Island Peak 2002 – Climbing For Cancer Research UK

Standing at 6189m above sea level, Island Peak is a daunting challenge for anyone. But when you have suffered severe frostbite the climb becomes a dangerous venture into the unknown… Continue reading “Island Peak 2002 – Climbing For Cancer Research UK”

The Alps 2001 – Pastures New

Over two years since suffering severe frostbite I was back climbing in the mountains. I summited the Allalinhorn which stands 4027m high, climbed the 200m near vertical Chere Couloir, and scrambled over the Arete du Cosmiques…. Continue reading “The Alps 2001 – Pastures New”

Mt. McKinley 1999 – Once Bitten

Nothing could have prepared me for what the freezing cold of Alaska can do. I had just experienced the best 17 days climbing in my life, but the 18th cost me dear. Frostbite and exposure nearly killed me, but a dramatic mountain rescue saved my life, and began a journey I will never be able to forget… Continue reading “Mt. McKinley 1999 – Once Bitten”

Bolivia 1998 – Andean Altitudes

South America holds one of the worlds greatest mountain ranges – The Andes. I stood on the banks of Lake Titicaca and stared toward the Condoriri Real. Within days I was standing at over 21,000ft on the summit of Illimani. It was one of the greatest moments of my life…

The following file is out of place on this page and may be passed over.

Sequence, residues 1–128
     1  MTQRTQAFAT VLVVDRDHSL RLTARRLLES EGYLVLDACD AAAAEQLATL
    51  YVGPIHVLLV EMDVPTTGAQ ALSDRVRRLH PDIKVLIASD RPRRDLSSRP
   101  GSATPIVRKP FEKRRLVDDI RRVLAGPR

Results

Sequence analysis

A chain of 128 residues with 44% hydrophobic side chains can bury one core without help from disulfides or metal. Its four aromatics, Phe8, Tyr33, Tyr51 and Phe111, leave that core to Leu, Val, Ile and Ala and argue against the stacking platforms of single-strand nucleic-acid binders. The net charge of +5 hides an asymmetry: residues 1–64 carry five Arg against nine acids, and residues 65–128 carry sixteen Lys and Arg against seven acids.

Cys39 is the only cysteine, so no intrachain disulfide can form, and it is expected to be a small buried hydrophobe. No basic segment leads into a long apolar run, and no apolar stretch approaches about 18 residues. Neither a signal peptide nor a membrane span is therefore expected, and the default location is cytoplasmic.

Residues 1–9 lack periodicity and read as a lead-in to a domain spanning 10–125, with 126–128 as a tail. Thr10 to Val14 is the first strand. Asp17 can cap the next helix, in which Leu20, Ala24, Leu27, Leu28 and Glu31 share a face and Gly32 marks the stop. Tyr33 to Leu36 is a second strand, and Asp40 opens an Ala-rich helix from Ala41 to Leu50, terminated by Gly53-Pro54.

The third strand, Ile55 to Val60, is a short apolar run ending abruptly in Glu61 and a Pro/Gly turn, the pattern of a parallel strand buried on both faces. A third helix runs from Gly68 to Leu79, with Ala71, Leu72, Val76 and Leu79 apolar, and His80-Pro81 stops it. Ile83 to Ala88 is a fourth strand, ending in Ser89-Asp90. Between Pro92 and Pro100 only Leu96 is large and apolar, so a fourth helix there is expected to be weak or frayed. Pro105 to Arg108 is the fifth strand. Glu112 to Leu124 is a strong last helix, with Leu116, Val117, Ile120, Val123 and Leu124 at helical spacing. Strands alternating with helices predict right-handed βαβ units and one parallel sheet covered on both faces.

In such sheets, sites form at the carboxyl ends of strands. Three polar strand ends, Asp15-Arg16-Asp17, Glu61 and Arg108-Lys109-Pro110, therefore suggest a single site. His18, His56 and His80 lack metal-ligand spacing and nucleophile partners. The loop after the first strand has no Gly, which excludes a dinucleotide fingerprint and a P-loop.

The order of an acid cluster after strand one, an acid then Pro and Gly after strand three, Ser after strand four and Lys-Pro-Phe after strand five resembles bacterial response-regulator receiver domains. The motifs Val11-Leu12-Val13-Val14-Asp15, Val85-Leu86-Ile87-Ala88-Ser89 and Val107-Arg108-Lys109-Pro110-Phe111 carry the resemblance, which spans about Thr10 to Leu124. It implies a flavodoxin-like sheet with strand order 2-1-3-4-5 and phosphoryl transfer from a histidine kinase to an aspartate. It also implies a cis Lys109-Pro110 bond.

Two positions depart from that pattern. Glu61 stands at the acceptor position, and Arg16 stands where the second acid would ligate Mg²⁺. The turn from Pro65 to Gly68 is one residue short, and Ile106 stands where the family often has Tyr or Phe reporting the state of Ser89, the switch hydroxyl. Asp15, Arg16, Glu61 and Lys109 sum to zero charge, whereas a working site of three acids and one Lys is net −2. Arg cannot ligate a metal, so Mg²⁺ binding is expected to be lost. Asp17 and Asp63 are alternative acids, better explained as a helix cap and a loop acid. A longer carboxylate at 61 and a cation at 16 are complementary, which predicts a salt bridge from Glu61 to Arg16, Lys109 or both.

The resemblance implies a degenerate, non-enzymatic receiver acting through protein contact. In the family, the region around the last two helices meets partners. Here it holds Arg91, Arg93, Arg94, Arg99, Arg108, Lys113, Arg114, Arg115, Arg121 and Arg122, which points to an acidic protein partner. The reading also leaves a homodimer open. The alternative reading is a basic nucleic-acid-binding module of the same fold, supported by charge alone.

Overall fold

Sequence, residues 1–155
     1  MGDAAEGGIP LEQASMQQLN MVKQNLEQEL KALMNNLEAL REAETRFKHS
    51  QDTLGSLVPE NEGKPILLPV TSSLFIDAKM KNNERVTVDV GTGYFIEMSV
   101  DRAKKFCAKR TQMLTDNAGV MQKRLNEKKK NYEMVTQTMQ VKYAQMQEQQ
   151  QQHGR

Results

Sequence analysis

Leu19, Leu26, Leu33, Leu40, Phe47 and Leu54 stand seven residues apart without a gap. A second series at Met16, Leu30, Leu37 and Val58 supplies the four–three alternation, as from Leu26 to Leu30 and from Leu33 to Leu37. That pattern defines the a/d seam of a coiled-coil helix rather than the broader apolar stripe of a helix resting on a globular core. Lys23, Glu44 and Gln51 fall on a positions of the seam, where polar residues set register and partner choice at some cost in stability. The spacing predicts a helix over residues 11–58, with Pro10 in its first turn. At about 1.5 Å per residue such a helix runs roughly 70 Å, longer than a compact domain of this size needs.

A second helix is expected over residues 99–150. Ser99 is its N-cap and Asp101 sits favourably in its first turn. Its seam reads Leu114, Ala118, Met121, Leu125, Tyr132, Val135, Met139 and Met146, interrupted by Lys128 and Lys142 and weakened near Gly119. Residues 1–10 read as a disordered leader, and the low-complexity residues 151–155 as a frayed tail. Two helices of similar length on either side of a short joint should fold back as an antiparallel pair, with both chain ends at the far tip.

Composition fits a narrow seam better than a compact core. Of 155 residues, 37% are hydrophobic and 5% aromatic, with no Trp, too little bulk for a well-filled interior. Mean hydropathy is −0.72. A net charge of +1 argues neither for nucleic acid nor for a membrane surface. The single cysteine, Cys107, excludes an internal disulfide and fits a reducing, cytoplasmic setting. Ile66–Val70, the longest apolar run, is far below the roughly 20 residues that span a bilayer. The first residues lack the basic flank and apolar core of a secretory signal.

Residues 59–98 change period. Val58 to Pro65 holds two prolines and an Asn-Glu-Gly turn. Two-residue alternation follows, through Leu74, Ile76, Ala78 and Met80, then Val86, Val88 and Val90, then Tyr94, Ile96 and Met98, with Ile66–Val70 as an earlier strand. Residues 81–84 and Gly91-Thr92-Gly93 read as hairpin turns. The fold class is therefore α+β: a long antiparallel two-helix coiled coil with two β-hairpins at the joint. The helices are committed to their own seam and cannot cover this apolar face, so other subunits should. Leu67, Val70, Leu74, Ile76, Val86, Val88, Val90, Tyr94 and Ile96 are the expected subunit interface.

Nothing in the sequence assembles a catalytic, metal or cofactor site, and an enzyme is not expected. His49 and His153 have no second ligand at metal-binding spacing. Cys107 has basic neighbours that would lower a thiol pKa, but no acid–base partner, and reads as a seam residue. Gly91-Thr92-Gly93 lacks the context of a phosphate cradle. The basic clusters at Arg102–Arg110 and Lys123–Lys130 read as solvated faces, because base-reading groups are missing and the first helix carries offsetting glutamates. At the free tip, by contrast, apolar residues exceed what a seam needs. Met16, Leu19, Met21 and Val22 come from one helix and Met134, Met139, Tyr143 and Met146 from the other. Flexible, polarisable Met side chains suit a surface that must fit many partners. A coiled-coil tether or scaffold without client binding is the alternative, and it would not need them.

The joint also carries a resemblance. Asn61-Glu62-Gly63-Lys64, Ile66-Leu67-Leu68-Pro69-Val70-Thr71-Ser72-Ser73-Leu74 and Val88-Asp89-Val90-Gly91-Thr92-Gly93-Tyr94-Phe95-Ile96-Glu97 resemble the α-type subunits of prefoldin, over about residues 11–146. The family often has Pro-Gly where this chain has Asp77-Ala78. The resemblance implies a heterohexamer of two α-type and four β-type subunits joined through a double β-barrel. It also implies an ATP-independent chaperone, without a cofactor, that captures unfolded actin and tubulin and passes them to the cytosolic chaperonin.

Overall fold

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Guyana 1997 – Into The Land Of Many Waters

Working the indigenous Amerindian people of Guyana was an incredible experience. They still live a traditional life and we in the western world could learn so much from them. Guyana holds many of natures wonders including the 741ft high Kaiteur falls and some of the last unspoiled Amazonian Rainforest….

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Chile 1994 – Raleigh International Expedition 94A

Traveling to Chile with Raleigh International gave me my first taste of expedition life. In the three months I spent there I learned a great deal about the country and it’s people. I worked on projects ranging from scientific and community work, to trekking in some of the remotest mountains in the world…